We’ll all find bones to pick with this list. Astute music nerds will notice right away that not all of these songs fea­ture Moog syn­the­siz­ers, and at least one, the Rolling Stones’ “2000 Light Years from Home,” actu­al­ly uses an instru­ment that pre­dates Moogs, the Mel­lotron. One might then rea­son­ably refer to the playlist as in some degree “Moog-inspired.” Miss­ing here are essen­tial con­tri­bu­tions from Bob Mar­ley and the Wail­ers and the recent­ly-depart­ed Bernie Wor­rell of Par­lia­ment-Funkadel­ic, from the eter­nal grooves of African pio­neers like William Ony­bear (top), and arguably, from Sui­cide and elec­tro-psych rock­ers Sil­ver Apples (who built their own syn­the­siz­er). These and oth­er per­haps cru­cial omis­sions aside, The Guardian’s “Moog heroes” playlist more than makes its case for the his­tor­i­cal sig­nif­i­cance and utter­ly dis­tinc­tive char­ac­ter of the Moog and its imi­ta­tors and musi­cal chil­dren.

Relat­ed Con­tent:

How the Moog Syn­the­siz­er Changed the Sound of Music

Watch Her­bie Han­cock Rock Out on an Ear­ly Syn­the­siz­er on Sesame Street (1983)

Dis­cov­er­ing Elec­tron­ic Music: 1983 Doc­u­men­tary Offers a Fun & Edu­ca­tion­al Intro­duc­tion to Elec­tron­ic Music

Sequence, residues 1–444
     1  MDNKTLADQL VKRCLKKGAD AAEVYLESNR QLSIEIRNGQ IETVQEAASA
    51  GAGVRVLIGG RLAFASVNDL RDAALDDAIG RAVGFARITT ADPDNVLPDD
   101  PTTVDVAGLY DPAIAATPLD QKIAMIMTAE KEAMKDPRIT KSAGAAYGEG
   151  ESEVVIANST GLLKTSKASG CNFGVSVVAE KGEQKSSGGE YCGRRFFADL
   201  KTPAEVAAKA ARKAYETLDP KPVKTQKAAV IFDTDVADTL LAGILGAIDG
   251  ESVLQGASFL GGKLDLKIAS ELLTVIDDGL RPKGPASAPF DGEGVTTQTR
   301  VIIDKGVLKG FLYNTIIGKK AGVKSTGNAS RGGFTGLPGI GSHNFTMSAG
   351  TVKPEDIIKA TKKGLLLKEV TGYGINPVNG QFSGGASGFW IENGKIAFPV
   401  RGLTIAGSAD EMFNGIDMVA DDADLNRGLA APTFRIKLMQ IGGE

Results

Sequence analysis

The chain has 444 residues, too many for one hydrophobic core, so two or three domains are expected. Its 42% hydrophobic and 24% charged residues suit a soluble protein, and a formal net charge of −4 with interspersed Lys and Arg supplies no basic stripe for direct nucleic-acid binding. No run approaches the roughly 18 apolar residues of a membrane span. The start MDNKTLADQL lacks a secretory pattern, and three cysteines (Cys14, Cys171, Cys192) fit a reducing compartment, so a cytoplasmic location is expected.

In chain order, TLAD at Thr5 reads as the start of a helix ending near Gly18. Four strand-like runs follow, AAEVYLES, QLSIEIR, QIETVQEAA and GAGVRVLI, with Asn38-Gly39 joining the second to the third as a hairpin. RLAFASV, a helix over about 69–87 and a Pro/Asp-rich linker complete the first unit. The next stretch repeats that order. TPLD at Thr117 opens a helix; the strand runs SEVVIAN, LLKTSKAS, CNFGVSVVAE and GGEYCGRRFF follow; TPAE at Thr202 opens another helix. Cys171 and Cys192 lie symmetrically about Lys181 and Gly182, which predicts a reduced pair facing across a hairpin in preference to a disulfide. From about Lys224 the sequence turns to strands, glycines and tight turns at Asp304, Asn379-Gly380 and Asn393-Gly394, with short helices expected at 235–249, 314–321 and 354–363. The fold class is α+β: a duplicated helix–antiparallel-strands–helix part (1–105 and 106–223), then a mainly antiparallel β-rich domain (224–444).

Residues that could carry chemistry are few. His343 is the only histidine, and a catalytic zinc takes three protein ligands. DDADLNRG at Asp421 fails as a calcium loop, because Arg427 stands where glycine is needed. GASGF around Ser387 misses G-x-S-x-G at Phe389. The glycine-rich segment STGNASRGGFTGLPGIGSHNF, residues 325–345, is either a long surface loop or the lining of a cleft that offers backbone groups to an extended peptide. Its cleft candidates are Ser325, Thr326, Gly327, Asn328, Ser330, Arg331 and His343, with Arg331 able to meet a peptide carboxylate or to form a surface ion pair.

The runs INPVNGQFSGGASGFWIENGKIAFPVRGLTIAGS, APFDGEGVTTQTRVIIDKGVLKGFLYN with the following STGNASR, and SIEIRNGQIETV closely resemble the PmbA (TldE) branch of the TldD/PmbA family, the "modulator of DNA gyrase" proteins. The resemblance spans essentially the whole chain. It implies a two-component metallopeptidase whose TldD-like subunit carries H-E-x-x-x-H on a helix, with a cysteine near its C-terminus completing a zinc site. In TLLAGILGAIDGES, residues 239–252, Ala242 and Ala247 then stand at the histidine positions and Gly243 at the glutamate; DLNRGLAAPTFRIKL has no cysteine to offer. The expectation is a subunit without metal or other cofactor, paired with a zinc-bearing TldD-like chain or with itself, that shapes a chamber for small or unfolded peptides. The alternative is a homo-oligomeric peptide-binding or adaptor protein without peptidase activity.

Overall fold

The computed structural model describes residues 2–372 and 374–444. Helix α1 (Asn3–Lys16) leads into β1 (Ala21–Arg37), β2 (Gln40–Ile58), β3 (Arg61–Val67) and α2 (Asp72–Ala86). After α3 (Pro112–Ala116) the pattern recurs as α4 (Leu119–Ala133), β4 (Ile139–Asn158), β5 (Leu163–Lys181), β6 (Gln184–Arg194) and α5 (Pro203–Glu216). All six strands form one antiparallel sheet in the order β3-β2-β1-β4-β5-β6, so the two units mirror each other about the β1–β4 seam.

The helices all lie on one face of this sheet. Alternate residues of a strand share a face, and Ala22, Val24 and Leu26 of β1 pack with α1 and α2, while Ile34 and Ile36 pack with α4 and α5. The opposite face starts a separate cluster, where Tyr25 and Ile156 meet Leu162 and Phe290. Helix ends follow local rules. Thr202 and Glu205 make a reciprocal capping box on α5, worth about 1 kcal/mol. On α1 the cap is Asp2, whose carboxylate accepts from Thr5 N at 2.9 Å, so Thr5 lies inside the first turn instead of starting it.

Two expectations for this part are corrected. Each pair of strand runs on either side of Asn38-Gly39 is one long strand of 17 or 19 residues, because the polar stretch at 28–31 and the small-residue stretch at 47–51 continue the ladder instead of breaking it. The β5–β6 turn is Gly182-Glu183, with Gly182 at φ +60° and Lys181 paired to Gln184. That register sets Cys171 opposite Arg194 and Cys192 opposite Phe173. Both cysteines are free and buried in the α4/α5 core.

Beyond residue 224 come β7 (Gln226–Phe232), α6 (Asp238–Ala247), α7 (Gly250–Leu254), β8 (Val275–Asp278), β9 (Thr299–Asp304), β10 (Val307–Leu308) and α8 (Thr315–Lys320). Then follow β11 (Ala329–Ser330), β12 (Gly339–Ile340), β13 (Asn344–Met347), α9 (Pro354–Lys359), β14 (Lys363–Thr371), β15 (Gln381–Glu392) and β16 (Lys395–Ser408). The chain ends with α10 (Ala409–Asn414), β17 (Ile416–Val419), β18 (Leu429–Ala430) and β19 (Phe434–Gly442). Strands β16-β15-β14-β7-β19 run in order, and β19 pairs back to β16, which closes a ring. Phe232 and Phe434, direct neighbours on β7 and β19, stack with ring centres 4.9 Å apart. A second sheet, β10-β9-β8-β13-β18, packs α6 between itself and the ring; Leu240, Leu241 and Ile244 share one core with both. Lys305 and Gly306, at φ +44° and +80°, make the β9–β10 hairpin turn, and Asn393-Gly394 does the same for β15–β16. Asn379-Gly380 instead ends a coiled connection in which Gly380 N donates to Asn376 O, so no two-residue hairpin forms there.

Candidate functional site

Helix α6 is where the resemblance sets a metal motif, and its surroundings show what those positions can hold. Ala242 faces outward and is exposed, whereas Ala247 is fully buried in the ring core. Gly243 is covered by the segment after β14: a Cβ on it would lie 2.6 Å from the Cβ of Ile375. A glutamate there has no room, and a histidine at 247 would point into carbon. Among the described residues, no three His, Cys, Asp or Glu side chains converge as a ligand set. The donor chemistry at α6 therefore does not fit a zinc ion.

The Scores That Elec­tron­ic Music Pio­neer Wendy Car­los Com­posed for Stan­ley Kubrick’s A Clock­work Orange and The Shin­ing

Josh Jones is a writer and musi­cian based in Durham, NC. Fol­low him at @jdmagness

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Comments (5)
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  • Nigel J Watson says:

    Josh, this music lover real­ly appre­ci­ates your efforts. Many thanks.
    Is there any way to hear the playlist on YouTube?

  • Toad says:

    “We’ll all find bones to pick with this list.” Look at you, toss­ing in a (ter­rif­ic) William Onye­a­bor track because the playlist neglect­ed to do so, also men­tion­ing Sui­cide and Sil­ver Apples…very respectable bone-pick­ing indeed!

    Too bad Wendy Car­los’s copy­right is so assid­u­ous­ly enforced; her music, is basi­cal­ly nowhere to be found on YouTube, Rhap­sody, iTunes, etc. She can do what she wants, it’s up to her, but it seems to me she’s silenc­ing her own music for younger gen­er­a­tions com­ing up.

    The playlist is thought­ful and inter­est­ing, but watch that first step, it’s a doozy…starting with an 18-minute Popol Vuh track isn’t for the idly curi­ous.

  • Andy Dorian says:

    Any Moog playlist that does not include any Rush makes a mock­ery of its maes­tria by Ged­dy Lee…and los­es much cul­tur­al sig­nif­i­cance

  • Justin Case says:

    Not so sure there was a moog on Star­ship Troop­er.

  • Luis says:

    I don’t get this “open cul­ture” where, in order to access it, you have to access a *closed* plat­form such as Spo­ti­fy.
    It’s not that open, right?